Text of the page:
“Thankful,” the first single, is even better, with its driving rhythm and unpredictable shifts. It’s the one moment on Winter Pays for Summer that might be considered power pop, but Phillips grounds it with his sweet voice and words. “Thankful,” like many songs here, features former Jellyfish singer Andy Sturmer on backing vocals, and while you can’t quite pick him out, I’d like to think that his influence has punched up these tunes.
It’s not all happiness and light, of course. Phillips brings the emotional ache on “Released,” a perhaps metaphorical tale of incarceration on which he sings, “My cup’s one-sixteenth full, I’m getting there but the getting’s slow.” He takes the seemingly simple rhythms and chords of “Cleareyed” and spins a joyous shout of it, and makes the similarly uncomplicated “Simple” seem revelatory. The album stumbles only once, with the too-easy “True.” Lyrically, it explores honesty and fidelity, the two sides of the title word, but musically it feels like a b-side.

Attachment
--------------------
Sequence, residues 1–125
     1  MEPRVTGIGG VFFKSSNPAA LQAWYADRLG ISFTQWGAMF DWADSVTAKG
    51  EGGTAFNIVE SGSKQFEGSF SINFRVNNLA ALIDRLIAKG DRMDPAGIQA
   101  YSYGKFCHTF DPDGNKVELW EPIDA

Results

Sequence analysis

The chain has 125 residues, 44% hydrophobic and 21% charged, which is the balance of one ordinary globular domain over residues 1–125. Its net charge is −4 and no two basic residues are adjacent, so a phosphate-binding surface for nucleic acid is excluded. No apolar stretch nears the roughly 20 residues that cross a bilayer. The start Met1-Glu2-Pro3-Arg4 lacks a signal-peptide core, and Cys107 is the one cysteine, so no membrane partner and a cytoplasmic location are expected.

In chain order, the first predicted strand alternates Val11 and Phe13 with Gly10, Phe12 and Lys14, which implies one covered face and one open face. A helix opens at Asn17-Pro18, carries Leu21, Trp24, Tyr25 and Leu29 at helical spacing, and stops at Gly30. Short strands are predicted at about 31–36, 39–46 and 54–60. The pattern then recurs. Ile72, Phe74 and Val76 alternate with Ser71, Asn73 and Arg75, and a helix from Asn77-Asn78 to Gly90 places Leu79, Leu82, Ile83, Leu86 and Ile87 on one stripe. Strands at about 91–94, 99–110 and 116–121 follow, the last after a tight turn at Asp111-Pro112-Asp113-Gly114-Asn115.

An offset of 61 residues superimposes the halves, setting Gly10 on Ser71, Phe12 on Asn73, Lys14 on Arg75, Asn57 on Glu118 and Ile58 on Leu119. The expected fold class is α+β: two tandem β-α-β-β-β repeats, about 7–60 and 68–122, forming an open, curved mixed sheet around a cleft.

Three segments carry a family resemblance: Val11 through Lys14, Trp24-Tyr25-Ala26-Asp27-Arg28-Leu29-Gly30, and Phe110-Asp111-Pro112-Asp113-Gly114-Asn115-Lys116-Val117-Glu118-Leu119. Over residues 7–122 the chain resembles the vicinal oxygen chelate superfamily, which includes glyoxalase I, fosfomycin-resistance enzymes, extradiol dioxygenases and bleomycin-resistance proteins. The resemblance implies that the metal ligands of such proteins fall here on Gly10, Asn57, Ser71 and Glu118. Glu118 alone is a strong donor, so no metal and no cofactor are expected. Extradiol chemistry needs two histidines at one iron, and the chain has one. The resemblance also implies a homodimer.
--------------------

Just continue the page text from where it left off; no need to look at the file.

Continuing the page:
But that’s the only dead spot. As late as track 10 (“Finally Fading”), Phillips is still pulling out the melodic winners, and no matter how close he seems to steer towards AOR-land, he never crosses that city’s limits. The closing track is an ode to contentment called “Don’t Need Anything,” and as trite as it may read on paper – “I’ve a roof overhead, the stars if I choose, but I’ve got no itch to fly, got no need to move” – he sells it on disc, singing over a sparse piano bed.